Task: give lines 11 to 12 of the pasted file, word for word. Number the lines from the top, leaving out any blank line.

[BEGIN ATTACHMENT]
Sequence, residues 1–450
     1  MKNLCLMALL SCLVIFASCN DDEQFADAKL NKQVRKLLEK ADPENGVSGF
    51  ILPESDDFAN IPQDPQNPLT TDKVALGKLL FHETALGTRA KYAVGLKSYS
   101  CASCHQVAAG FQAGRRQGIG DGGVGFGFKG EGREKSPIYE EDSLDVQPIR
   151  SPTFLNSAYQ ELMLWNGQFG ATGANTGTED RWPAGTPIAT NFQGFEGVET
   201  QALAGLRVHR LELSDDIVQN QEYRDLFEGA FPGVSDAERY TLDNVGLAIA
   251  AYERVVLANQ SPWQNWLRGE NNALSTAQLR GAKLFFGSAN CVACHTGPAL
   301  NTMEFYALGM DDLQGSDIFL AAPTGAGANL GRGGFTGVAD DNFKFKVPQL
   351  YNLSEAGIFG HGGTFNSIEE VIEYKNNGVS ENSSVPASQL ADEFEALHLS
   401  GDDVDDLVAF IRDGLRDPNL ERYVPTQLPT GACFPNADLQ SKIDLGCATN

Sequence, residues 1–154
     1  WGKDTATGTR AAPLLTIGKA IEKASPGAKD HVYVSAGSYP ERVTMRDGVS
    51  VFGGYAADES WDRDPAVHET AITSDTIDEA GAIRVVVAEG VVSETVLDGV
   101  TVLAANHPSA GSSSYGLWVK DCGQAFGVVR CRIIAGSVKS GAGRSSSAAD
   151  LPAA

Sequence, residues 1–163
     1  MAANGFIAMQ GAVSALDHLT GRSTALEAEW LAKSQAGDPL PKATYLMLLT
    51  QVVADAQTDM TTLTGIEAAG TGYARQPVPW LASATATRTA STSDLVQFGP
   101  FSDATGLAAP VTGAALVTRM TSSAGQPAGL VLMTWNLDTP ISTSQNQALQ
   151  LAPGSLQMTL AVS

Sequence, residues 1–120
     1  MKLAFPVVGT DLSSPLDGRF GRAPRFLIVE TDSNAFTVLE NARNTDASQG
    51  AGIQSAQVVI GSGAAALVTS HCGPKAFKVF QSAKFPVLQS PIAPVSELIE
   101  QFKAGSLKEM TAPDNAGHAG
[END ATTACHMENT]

Sequence, residues 1–154
     1  WGKDTATGTR AAPLLTIGKA IEKASPGAKD HVYVSAGSYP ERVTMRDGVS